1151 Valley Mall Parkway, East Wenatchee, WA 98802

509-884-7191 / 1-800-503-7990

March/April 2005 About Your Rates, Online Payments, Grid West

March/April 2005

About your Rates

Douglas County PUD electric rates are determined by comparing the expected electricity need in Douglas County to expected operating and capital costs. 

Our power supply comes primarily from the Wells Hydroelectric Project on the Columbia River.  When there is a lot of water coming down the Columbia at the right times of the year, we generate more than enough electricity to meet Douglas County’s needs.  At times like these, the excess power is sold to other utilities that have a contractual first right to this power.  The proceeds of those sales pay for a portion of the operating and construction costs to hold down the amount Douglas County electric consumers have to pay.   

We put the balance in a savings account to use in those years when there isn’t so much water available for generation.   

During the years 1992 through 1995, due to drought conditions, there wasn’t a lot of excess power.  Through these years we drew on the bank account to maintain stable rates. In 1995 electric rates were increased after 15 years at the same price.  Rate increases were also approved for 1996 and 1997 to reverse the decline of the savings account. The 1996 increase went into effect on schedule, but due to favorable water conditions and our decision to spread construction projects over several years, we were able to defer the scheduled 1997 rate increase to 2002.  Dry years in 2001 through 2003 required us to draw from the savings account again in spite of the price adjustment in 2002. 2005 appears to be another dry year, however, your Douglas PUD does not have plans to adjust electric rates at this time.  

Douglas County PUD Commissioners and employees are proud of the low rates charged for the essential services we provide. Ours are still among the lowest prices in the United States.  We remain committed to providing you the best possible electric service at the lowest possible cost consistent with sound business principles.  

A copy of the rates currently in effect is provided here for your use. If you have any questions or comments please let us know.

From District Resources including Hydroelectric, Wind and Solar Power:

Schedule 1, General Service

Daily Charge


KWH Charge


Demand Charge (Monthly)

$1.00/KW greater than 50 KW

Minimum Charge

$7.00/mo. Plus $3.00/KW>30

Schedule 2, Irrigation Service

Demand Charge (Seasonally)


Demand Charge (Monthly)


Energy Charge


Minimum Seasonal Charge


Minimum Monthly Charge

$1.79/KW connected load

Schedule 3, Street Lighting And Area Lighting Service (Daily Rate)

150/200 watt high pressure sodium


400 watt high pressure sodium


Customer Choice Options:

Schedule 4, Energy Delivery Service (For alternate energy supplier)

Daily Charge


Energy Delivery Charge


Ancillary Services


Schedule 5, Alternate Renewable Resource Service (To encourage new renewable resources, available to general service customers)


$4.20 per 100 kWh increment

Schedule 6, Douglas County Community Network Prices

Please see our website for details www.douglaspud.org


On-line Payments

You can now pay for Douglas County PUD services on-line.  Grab your PUD statement, go to our website, http://www.douglaspud.org/ , click on the “On-Line Bill Payments” button at the top left side of the screen and follow the instructions.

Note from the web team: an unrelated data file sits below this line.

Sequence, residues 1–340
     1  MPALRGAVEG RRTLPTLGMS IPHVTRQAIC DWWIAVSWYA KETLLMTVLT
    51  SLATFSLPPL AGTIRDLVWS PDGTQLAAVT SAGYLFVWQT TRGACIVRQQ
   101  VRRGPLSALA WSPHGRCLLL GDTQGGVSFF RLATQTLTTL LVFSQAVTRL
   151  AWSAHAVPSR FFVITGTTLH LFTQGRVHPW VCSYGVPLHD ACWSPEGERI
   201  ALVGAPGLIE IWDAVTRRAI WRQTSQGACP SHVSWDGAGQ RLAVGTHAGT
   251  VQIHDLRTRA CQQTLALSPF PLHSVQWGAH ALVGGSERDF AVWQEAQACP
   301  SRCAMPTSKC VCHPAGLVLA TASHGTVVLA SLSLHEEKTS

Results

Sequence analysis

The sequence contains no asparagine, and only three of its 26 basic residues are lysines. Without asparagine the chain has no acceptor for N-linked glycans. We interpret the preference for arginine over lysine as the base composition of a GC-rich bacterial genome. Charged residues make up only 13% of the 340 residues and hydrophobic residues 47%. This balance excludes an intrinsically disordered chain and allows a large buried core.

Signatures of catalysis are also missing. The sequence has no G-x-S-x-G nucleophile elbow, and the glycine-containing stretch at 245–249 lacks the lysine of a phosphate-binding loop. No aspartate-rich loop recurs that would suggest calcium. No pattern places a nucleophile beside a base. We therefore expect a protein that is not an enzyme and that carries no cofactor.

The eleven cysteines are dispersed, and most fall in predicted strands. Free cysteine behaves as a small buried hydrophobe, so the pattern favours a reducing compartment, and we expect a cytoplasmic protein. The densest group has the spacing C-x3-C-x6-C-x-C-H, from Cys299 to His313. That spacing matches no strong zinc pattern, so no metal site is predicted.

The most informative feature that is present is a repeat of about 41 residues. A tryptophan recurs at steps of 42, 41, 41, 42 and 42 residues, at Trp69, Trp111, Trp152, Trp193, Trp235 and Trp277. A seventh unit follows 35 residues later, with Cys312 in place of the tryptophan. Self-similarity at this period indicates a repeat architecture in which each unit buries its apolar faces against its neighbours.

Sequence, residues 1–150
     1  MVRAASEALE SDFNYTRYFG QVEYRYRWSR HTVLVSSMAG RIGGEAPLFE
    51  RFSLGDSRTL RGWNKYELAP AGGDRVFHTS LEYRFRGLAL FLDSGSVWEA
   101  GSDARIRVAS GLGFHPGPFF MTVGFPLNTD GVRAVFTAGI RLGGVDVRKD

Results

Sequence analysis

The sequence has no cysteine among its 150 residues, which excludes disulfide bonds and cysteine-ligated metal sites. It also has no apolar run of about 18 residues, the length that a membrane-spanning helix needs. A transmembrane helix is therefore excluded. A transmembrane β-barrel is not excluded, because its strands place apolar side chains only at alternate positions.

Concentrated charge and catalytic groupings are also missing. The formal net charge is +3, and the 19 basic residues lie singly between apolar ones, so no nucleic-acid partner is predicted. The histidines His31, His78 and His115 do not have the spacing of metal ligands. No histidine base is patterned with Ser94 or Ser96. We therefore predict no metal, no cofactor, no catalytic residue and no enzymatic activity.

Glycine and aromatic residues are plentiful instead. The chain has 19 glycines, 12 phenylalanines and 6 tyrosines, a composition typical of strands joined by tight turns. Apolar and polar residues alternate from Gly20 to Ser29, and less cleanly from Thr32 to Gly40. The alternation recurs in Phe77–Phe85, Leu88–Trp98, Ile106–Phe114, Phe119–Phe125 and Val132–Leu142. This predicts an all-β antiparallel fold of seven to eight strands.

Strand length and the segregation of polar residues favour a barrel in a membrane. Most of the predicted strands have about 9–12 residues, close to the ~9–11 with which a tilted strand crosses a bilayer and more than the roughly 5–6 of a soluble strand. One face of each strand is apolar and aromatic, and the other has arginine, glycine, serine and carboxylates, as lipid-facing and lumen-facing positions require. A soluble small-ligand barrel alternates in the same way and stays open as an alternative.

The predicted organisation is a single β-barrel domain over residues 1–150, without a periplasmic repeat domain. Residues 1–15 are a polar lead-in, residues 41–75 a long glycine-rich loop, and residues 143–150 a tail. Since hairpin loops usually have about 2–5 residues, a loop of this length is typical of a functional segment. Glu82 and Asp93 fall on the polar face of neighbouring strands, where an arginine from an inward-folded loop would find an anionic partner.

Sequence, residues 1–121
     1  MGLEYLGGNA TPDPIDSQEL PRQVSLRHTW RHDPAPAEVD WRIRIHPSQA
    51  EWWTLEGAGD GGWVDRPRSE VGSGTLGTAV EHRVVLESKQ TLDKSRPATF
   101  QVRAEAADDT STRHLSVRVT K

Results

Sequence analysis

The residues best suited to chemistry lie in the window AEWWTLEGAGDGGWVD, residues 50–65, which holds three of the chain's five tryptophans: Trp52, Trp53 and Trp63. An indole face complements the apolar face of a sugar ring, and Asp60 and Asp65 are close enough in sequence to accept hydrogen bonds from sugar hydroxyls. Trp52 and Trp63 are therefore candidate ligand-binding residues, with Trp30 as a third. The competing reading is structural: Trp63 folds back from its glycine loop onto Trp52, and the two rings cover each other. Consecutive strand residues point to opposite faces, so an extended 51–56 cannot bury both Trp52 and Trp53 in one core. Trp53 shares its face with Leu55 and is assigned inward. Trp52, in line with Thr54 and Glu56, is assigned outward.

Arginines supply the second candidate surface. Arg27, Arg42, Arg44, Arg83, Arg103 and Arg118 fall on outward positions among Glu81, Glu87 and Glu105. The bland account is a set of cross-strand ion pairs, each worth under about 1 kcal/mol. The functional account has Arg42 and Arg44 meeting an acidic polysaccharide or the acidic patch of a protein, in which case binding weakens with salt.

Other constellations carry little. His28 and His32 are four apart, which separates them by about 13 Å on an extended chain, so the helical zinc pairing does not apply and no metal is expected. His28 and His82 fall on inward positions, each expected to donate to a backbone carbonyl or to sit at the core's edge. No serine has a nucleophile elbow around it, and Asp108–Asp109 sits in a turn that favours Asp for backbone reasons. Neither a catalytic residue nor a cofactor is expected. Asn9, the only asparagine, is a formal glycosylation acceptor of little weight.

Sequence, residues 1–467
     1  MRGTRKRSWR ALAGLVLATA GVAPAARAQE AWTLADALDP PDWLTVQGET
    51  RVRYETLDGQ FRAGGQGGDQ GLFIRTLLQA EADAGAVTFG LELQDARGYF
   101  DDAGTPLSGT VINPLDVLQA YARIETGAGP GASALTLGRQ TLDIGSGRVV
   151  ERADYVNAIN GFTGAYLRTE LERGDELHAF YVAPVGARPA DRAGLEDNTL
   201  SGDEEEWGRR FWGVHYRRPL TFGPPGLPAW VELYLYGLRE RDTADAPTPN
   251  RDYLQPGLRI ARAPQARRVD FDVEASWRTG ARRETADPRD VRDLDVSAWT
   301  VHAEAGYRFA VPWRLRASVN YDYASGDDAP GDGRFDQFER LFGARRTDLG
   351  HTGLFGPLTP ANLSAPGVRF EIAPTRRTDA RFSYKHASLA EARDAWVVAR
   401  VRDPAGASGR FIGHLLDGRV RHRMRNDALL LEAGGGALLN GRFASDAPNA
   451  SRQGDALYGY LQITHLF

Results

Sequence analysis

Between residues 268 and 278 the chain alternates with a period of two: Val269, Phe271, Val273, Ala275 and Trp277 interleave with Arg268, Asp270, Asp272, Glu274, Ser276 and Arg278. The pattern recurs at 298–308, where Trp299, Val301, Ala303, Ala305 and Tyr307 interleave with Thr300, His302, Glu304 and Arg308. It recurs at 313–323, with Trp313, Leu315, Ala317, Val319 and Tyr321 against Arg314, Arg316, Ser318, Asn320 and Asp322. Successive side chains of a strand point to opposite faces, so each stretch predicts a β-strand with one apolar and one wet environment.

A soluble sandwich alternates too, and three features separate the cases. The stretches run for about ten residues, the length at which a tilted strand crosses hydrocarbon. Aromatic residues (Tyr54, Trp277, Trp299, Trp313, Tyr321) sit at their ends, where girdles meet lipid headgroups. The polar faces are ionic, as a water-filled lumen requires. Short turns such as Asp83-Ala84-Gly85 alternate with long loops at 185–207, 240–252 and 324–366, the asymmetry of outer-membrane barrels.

You have a variety of ways to pay for Douglas PUD services. The Budget Payment Plan lets you pay your annual electric bill in equal monthly installments. Automatic Withdrawal is an option which automatically deducts your PUD payment from your checking account. (Hint: combine these two options for predictable bills and no due date worries.) We accept credit card payments also. You can mail your payment, bring it in, use the drive-up service, 24-hour drop box, and now you can pay on-line from the comfort of your home.

We are proud to provide our customers with a variety of convenient ways to pay for Douglas PUD services.

Grid West and our Transmission System

The Northwest took one step closer to developing a regional transmission organization (RTO) called Grid West when its participants approved new developmental and operational bylaws at its December 2004 meeting.

We believe the development of Grid West is not needed, would provide no certain benefits, and would lead to rate increases and other risks.  

Grid West would be a new bureaucracy that would take over the power transmission network in seven states. Bonneville Power Administration (BPA), a Grid West participant and owner of 75 percent of the region's high voltage transmission lines, already serves almost all the Northwest, so Grid West is an unnecessary additional cost. 

It will be expensive— estimated to cost $82 million to create, and $150 million annually to operate. Northwest residents don’t pay these costs now, but would under this plan, which is being promoted by the Federal Energy Regulatory Commission’s (FERC). In 2004, six RTOs operating in different parts of the country cost consumers more than $1 billion, eliminating any cost savings or efficiencies predicted before they were established.  

Grid West would eliminate local control by shifting decision-making from local elected officials to an appointed board. 

Northwest utilities would prefer that problems with the region's transmission system be identified and addressed through the Northwest-based Transmission Issues Group (TIG) that formed to identify near-term, cost-effective solutions to transmission problems whether Grid West forms or not. TIG is developing real transmission solutions that are accountable to Northwest consumers - not FERC in Washington, D.C.


We always like to hear what you have to say. Please, if you have any comments or questions write them down and send this back with your payment. Thanks ~